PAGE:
An experimental study on the role of touch in shared virtual environments

  • Basdogan C
  • Chih-Hao H
  • Mandayam A
 et al. 
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Investigating virtual environments has become an increasingly interesting research topic for engineers, computer and cognitive scientists, and psychologists. Although there have been several recent studies focused on the development of multimodal virtual environments (VEs) to study human-machine interactions, less attention has been paid to human-human and human-machine interactions in shared virtual environments (SVEs), and to our knowledge, no attention paid at all to what extent the addition of haptic communication between people would contribute to the shared experience. We have developed a multimodal shared virtual environment and performed a set of experiments with human subjects to study the role of haptic feedback in collaborative tasks and whether haptic communication through force feedback can facilitate a sense of being and collaborating with a remote partner. The study concerns a scenario where two participants at remote sites must co-operate to perform a joint task in a SVE. The goals of the study are (1) to assess the impact of force feedback on task performance, (2) to better understand the role of haptic communication in human-human interactions, (3) to study the impact of touch on the subjective sense of collaborating with a human as reported by the participants based on what they could see and feel, and (4) to investigate if gender, personality, or emotional experiences of users can affect haptic communication in SVEs. The outcomes of this research can have a powerful impact on the development of next generation human-computer interfaces and network protocols that integrate touch and force feedback technology into the Internet, development of protocols and techniques for collaborative teleoperation such as hazardous material removal, space station repair, and remote surgery, and enhancement of virtual environments for performing collaborative tasks in shared virtual worlds on a daily basis such as co-operative teaching, training, planning and design, cybergames, and social gatherings. Our results suggest that haptic feedback significantly improves the task performance and contributes to the feeling of ‘sense of togetherness’ in SVEs. In addition, the results show that the experience of visual feedback only at first, and then subsequently visual plus haptic feedback elicits a better performance than presentation of visual plus haptic feedback first followed by visual feedback only.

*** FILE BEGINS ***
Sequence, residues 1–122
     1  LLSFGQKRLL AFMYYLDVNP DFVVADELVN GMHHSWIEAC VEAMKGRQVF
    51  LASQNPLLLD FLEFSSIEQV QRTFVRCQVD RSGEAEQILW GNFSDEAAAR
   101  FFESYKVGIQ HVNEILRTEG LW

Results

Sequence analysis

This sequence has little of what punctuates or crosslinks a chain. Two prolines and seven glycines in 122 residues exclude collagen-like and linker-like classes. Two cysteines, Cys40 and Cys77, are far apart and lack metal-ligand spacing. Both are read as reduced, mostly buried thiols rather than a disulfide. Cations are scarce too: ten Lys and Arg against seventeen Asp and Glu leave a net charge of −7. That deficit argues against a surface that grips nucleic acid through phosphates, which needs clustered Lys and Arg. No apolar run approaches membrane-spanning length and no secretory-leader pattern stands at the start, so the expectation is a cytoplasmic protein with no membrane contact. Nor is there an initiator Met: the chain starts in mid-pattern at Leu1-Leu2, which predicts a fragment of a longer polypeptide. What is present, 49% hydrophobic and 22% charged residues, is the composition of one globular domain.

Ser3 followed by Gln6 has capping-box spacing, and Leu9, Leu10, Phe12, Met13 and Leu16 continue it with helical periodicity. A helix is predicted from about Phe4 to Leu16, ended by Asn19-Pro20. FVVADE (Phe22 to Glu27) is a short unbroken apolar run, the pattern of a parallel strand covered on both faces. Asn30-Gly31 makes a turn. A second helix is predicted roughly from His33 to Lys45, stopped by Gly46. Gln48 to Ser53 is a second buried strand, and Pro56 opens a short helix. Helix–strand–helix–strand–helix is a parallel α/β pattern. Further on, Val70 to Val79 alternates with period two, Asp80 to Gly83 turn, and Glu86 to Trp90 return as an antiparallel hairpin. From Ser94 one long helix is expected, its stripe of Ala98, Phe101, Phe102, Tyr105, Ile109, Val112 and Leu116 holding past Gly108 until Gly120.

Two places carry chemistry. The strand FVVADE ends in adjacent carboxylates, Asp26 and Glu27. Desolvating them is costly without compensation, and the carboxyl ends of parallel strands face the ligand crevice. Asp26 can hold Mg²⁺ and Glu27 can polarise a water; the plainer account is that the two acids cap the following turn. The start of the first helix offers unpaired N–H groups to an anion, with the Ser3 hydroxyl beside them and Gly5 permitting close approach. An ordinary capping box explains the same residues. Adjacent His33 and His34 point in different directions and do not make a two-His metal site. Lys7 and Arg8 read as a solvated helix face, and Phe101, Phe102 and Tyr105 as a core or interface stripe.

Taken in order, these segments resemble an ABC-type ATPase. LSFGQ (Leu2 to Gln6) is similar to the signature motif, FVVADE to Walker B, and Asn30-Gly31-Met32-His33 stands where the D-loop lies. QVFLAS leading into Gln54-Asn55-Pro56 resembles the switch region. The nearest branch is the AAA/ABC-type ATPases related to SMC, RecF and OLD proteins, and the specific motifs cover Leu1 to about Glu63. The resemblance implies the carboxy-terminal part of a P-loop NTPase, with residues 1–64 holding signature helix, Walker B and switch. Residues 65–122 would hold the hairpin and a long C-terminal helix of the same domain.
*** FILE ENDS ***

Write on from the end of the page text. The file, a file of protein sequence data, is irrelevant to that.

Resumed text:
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  • Cagatay Basdogan

  • Ho Chih-Hao

  • a Srinivasan Mandayam

  • Slater Mel

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